Has Anyone Been Able to Simulate a Twisted Pair Cable? - RF
Post subject: Has anyone been able to simulate a Twisted
Pair Cable? Posted: Tue Sep 20, 2005 3:27 pm
Good day. Has anyone
been able to simulate a twisted pair cable with ADS, Microwave Office,
I am trying to examine the effect of different
twists and how they would affect coupling between the two wires.
Thank you for your time and help.
Post subject: simulation of twisted pairPosted:
Wed Sep 28, 2005 5:56 pm
Because you're dealing with the physical
configuration, you can't use a simulator which isn't physics-based
for your task.
Sounds like you need an 3-D electromagnetics
simulator, if you want to investigate this in detail.
- the largest effect will be the increase in wire length to cover
a given distance. You should be able to calculate this easily.
The second-order effects will be the increase in capacitance
It may be that you don't need anything other
than the largest effect.
At any rate,
Post subject: Re: Has anyone been
able to simulate a Twisted Pair Cable?Posted: Sun Oct 02, 2005 6:48
Joined: Sun May 09, 2004 1:23 am
Location: Morgan Hill, CA (Silicon Valley, Bay Area)
Good day. Has anyone been able to simulate a twisted pair
cable with ADS, Microwave Office, Eagleware, etc.?
trying to examine the effect of different twists and how they would
affect coupling between the two wires.
Thank you for your
time and help.
What exactly are you looking
for when comparing different twists in a twisted pair cable? A 3D
simulator might help, but I would think that you'd just get different
impedances for different twists and that would be about it. Will
the twisted pair be kept far away from metal objects? That would
make a difference too since a twisted pair isn't shielded like coax
Posted: Thu Oct 13, 2005 7:12 pm
Fri Sep 02, 2005 7:25 pm
Location: Hampshire UK
Twisted pair like telephone wire pairs is around 110 ohms.
The impedance of shielded twisted pair is not much different to
the shielded variety. Cat5 network cable amounts to a relatively
high loss, but useful cable for short range applications, is of
You can get individually shielded pairs cable.
In all these, the presence of the shield is to protect the cable
from external interference fields and to limit the amount of conducted
and radiated EMI from the cable. The shield does not primarily define
the impedance, which is a function of the conductor diameter, the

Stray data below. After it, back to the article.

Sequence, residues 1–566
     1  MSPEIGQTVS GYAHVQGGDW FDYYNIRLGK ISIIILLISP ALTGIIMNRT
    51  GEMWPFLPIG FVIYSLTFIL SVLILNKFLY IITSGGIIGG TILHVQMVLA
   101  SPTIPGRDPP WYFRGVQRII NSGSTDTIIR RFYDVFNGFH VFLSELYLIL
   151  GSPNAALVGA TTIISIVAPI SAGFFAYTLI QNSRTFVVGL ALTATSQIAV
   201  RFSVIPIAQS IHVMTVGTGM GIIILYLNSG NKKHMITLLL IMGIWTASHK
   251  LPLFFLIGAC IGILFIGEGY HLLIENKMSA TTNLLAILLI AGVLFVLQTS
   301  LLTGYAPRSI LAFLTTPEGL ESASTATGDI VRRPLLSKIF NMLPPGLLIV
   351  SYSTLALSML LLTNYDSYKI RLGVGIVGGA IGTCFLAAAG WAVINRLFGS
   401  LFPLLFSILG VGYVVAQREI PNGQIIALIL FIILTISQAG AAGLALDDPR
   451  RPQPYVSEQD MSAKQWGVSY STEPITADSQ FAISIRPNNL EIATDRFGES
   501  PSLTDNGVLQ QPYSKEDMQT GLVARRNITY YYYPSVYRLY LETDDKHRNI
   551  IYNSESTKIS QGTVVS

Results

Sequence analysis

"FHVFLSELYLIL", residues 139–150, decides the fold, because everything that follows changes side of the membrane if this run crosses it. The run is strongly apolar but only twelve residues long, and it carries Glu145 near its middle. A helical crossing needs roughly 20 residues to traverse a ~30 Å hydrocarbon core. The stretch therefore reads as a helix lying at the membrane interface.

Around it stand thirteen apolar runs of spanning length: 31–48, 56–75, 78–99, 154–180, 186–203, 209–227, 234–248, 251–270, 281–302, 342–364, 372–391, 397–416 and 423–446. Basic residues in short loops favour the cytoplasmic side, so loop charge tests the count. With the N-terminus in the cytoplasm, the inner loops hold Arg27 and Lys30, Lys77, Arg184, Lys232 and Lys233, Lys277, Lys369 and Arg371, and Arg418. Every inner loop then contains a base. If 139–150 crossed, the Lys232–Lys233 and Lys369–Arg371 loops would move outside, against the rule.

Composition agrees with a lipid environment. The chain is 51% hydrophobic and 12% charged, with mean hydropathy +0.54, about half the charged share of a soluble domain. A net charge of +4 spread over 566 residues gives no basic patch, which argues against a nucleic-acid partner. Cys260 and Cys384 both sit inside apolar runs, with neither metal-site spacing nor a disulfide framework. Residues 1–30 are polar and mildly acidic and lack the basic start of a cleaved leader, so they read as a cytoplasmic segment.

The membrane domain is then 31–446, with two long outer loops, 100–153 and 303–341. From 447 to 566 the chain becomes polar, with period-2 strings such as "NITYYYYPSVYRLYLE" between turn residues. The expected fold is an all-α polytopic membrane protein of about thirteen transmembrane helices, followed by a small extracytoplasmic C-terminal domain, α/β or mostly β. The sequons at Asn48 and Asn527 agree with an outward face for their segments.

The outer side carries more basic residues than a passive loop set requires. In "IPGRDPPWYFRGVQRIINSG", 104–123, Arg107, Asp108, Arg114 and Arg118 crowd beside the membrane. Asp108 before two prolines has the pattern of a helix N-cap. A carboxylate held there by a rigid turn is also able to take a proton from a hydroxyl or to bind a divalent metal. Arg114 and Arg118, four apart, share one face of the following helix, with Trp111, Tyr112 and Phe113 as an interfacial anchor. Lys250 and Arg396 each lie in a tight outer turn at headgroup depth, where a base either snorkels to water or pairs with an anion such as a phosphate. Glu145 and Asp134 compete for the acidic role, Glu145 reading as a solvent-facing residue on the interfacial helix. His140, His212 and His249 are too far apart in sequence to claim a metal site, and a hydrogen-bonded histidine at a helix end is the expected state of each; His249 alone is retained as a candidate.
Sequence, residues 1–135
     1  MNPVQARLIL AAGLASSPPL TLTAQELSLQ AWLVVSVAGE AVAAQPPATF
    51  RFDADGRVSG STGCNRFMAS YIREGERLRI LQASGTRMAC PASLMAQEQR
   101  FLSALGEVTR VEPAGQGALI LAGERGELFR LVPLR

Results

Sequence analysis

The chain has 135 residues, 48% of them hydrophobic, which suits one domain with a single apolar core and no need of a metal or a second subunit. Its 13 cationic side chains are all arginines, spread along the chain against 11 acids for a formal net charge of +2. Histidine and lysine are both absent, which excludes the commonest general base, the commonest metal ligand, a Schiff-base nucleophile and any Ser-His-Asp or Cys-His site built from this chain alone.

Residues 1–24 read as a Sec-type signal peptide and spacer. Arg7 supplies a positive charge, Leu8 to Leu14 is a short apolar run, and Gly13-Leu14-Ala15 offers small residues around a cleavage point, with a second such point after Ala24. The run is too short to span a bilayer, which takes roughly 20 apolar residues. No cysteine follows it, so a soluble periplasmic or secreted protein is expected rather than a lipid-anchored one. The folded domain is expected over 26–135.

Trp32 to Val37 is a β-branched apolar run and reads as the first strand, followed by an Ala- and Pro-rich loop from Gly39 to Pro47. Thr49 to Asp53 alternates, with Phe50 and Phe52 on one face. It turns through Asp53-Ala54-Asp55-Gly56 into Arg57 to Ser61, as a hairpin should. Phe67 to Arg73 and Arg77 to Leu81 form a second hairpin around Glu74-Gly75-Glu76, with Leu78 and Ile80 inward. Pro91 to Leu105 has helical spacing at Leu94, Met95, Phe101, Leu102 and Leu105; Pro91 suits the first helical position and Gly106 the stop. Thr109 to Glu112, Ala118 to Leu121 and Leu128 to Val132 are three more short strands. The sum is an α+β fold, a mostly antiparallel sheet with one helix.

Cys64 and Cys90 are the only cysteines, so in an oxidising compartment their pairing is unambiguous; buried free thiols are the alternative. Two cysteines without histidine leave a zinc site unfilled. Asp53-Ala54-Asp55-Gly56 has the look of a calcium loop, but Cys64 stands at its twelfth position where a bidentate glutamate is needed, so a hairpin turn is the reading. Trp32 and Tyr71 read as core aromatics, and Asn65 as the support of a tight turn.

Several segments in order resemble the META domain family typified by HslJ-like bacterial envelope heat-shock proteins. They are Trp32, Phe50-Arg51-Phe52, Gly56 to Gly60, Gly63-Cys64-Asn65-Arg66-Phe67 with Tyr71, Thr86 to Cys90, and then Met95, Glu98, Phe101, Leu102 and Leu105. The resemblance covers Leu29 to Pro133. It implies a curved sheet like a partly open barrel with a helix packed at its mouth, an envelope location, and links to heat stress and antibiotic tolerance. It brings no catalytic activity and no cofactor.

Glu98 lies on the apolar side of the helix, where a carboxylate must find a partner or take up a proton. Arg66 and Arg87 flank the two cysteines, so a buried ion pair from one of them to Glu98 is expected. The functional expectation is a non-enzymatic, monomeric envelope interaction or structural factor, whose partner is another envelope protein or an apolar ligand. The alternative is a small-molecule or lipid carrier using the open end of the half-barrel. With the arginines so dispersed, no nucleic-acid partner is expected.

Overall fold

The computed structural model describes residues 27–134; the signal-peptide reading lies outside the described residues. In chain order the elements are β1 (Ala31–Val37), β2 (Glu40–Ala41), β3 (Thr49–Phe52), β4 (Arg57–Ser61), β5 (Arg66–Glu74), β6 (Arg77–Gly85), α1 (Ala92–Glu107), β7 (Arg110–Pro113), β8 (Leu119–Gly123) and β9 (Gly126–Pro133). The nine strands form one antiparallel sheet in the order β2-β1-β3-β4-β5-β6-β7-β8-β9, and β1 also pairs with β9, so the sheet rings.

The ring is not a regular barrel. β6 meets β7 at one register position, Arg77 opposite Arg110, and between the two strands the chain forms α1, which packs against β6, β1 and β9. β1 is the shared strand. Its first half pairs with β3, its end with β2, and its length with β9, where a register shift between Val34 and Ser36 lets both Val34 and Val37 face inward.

spacing, the dielectric constant of the plastic separating the conductors.
It would affect it a little.
The "shield" around coax should
not be thought of as a shield. It is one half of an unbalanced transmission
line. It is what happens if you think of one of the conductors of
a balanced pair getting bigger, and morphing its shape (in cross
section), to surround the other, to eventually assume the shape
of coax. The lines of electric field then become radial between
the centre conductor and what now surrounds it. This coax form of
outer very definitely has a profound effect on the impedance, by
its dimension and the dielectric within.
Grounding the outside
when there is a standing wave on a coax cable is a major sorce of
EMI trouble. Triax, which is a coax with a second outer braid, allows
the outermost braid to be grounded (usually one end only), and is
an (expensive!) shield - the coax equivalent of the shielded twisted
In theory, if one conductor of a twisted pair gets
up against a metal object more than its partner, you get some unbalanced
current. In practice, with a pair having a high rate of twist, it
is remarkably immune to coupling. I once tried out some HF cable
distribution stuff that had six pairs around a mandrel plastic,
in a jacket that was carbon loaded to make it "pre lossy" so that
it did not change its characteristic much as it aged in use. Provided
all the unused pairs were terminated, the balance between pairs
was better than -60dB. We could run a small electric drill on one
pair while sending a vestigial sideband TV signal up the cable the
other direction. Definitely a "don't try this at home" stunt!
Then again, it only takes ONE leg of ONE pair in a fat cable
to get disconnected to have all the rest get mangled with crosstalk!
Ask any telephone engineer.